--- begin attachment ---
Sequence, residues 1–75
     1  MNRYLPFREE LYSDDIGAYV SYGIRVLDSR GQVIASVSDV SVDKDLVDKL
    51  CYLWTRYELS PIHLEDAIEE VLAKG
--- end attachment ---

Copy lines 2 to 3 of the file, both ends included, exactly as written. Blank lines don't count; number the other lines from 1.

     1  MNRYLPFREE LYSDDIGAYV SYGIRVLDSR GQVIASVSDV SVDKDLVDKL
    51  CYLWTRYELS PIHLEDAIEE VLAKG